Then there was the time we went down to Devon for the weekend. I was walking along the beach, in the rain, with my shoes and socks off paddling while kids jumped about in the sea, and my wife was wearing a duffle coat zipped up to her nose.

Admittedly it does get unbearable in the summer months in Sevilla and life is restricted, but for the rest of the year the weather rarely stifles your day, apart from when the rain pours in the religious festival known as Semana Santa. I forget how miserable the weather can be in England, and how it can make people really moody.

Pace of life

The pace of life is a million miles faster than over here. Even when people are off from work they seem to be rushing about. I know I was, trying to cram in as much as possible to see people and show off the baby.

What I thought was slightly mental, and I’ve never seen before, is that every night when I came home from work people were literally running out the tube doors and up the stairs. I’m not sure if it was because they had to catch a bus, or the start of Eastenders, but it was funny to see. Watching people rush about in the morning on the tube and bumping into each other was hilarious too. Saying that, I tend to walk fast here and get annoyed when people don’t stay to one side on the metro escalator, they haven’t worked that one out yet. Also they don’t get the whole ‘let people off before you get on the metro’ approach.

I find myself relaxing as soon as I come back to Sevilla: taking longer over meal times, leisurely strolls down by the river with the pram, and not filling my day with so many things to do that I don’t remember half of what I’ve done. Could I return to the rat race? Probably not.

Cost

Despite the fact that earnings are a lot higher in the UK than in Spain, I still find the general cost of life far too expensive. I try to live a simple life here, a TEFL teacher’s wage is not the best in the world, and we get by, but even trying to live simply in England costs a fortune.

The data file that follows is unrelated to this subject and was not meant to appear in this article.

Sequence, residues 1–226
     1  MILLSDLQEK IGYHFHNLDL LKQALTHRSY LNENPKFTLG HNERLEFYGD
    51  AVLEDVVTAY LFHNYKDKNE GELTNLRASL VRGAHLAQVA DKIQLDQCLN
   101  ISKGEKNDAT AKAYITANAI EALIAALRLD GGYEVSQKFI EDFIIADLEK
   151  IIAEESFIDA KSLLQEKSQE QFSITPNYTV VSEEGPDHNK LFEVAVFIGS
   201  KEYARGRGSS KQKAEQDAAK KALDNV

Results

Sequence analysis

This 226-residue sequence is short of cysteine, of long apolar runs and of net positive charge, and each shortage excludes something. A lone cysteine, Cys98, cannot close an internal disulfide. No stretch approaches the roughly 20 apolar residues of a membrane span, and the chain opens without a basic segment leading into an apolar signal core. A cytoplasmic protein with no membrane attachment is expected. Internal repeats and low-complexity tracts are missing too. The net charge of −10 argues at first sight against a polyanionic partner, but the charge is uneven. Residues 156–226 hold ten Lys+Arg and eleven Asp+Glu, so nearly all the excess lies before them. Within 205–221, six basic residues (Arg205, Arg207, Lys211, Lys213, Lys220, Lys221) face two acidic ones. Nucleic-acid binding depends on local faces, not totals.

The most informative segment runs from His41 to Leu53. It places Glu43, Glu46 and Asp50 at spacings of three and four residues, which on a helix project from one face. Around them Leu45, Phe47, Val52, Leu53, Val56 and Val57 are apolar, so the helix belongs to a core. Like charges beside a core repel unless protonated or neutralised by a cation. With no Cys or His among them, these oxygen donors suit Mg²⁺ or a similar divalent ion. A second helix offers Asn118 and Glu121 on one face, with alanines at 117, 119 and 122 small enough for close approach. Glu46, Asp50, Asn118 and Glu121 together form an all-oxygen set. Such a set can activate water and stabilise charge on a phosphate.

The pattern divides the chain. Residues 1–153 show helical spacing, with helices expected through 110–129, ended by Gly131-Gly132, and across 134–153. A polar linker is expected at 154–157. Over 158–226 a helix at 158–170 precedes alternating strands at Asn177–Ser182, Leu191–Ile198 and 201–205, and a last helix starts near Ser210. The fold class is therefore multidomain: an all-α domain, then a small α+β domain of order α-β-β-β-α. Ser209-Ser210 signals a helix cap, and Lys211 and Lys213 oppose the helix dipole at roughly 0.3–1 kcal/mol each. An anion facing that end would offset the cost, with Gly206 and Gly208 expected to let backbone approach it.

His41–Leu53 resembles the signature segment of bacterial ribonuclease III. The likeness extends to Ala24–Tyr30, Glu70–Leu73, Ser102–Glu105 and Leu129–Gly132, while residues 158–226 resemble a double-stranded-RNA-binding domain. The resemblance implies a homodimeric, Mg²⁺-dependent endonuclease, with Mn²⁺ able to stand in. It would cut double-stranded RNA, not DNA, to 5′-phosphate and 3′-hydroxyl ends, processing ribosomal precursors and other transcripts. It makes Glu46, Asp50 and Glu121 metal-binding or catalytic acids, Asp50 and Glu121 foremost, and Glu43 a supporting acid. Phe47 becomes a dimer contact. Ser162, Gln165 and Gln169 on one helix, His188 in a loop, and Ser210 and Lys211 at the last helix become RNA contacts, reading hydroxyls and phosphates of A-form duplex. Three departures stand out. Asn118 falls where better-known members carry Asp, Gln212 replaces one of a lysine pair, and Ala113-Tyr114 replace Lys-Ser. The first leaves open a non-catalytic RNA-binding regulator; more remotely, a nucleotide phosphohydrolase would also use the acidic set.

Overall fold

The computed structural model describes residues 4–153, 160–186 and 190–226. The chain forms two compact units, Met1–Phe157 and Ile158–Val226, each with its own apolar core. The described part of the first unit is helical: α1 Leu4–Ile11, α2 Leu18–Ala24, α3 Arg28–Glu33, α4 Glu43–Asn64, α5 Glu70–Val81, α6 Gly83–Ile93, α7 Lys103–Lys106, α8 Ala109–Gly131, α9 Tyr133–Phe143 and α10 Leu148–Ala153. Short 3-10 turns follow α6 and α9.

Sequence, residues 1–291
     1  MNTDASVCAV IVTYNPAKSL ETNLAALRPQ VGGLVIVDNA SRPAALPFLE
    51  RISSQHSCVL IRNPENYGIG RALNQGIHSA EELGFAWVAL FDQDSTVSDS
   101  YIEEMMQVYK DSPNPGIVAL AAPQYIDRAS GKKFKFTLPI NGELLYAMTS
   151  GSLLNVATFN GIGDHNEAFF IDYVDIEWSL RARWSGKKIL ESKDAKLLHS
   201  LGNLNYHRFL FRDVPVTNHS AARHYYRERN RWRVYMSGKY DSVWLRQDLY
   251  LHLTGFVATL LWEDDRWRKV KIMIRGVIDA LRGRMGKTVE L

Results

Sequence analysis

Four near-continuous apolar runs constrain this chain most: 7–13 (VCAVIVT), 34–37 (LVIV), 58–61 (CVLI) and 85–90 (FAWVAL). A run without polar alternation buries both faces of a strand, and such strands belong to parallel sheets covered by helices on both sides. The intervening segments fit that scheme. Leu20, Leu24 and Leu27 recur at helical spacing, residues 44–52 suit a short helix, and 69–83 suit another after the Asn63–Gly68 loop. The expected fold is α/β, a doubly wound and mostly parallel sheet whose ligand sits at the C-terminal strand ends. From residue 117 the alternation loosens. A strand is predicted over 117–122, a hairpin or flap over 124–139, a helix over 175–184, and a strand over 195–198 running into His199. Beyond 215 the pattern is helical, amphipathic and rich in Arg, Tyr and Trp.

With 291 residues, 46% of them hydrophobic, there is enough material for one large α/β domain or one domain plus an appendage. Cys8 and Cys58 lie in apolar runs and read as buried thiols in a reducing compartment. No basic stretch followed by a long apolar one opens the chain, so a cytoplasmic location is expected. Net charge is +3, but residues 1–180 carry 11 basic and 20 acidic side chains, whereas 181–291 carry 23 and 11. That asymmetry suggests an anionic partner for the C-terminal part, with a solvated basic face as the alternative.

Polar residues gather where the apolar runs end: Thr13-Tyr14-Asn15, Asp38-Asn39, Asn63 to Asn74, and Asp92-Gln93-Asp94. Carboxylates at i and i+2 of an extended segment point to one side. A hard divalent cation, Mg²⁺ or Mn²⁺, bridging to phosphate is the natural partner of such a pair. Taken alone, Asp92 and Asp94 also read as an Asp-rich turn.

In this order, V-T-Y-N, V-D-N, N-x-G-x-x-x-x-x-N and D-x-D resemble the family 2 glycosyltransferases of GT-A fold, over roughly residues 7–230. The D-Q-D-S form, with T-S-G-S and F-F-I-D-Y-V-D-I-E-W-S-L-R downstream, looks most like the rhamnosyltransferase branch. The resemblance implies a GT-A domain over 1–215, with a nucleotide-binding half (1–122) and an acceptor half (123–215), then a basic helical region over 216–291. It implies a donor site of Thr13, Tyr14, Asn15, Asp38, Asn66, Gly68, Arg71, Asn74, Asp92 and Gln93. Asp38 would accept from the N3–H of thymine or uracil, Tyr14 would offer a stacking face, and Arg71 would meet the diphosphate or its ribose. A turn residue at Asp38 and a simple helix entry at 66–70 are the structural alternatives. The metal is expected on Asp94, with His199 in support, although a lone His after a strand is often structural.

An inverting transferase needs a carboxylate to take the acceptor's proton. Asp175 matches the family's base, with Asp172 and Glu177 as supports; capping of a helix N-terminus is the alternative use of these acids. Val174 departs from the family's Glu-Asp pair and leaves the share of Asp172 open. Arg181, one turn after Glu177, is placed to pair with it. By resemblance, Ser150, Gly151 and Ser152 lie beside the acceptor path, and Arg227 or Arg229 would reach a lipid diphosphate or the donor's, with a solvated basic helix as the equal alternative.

The price of basic food at the supermarket is getting out of control, as are the prices of coffee and a pint of beer. One night I went in a pub just round the corner from my folks, nowhere near London, and it was £4.70 for a pint. I remember the good old days when you could go out and have four pints for a tenner.

I’m quite lucky because I get to work a bit while I’m back to pay for the trip, but if I didn’t I’d constantly be comparing it to prices here and it would take me all year to save up just to see my family.

House prices have gone through the roof too. If I think what people get for their money and compare it to Spain, it’s madness. For what you pay for a two or three bedroom flat back in London you can get a four bedroom house by the sea over here. It does come back to earnings, but it would be hard to go back and not compare the cost of life to here. The same thing happened when I left Thailand after seven months, I was always comparing to Euros to Baht.

I do love my country and enjoy going back home to catch up with people, but I think deep down I’m past the stage of return. Not to mention trying to persuade the wife to come with me. What about you? Do you often wonder whether you could return to your home country? Have you gone back because you couldn’t take it anymore?


Barry O’Leary has been an expat in Seville for nearly ten years. When he’s not teaching English, he writes a blog A Novel Spain which is about how he sees life in Spain. He has also lived and taught English in Brazil, Ecuador, Australia and Thailand and travelled around the world in the meantime. His non-fiction travel literature book, Teaching English in a Foreign Land, about his adventure as a TEFL teacher has sold over 2,500 copies.


Barry O'Leary
Barry O’Leary has been an expat in Seville for nearly ten years. When he’s not teaching English, he describes how he sees life in Spain on his blog A Novel Spain. He has also lived and taught English in Brazil, Ecuador, Australia and Thailand and travelled around the world in the meantime. His non-fiction travel literature book, Teaching English in a Foreign Land, about his adventures as a TEFL teacher, has sold over 2,500 copies.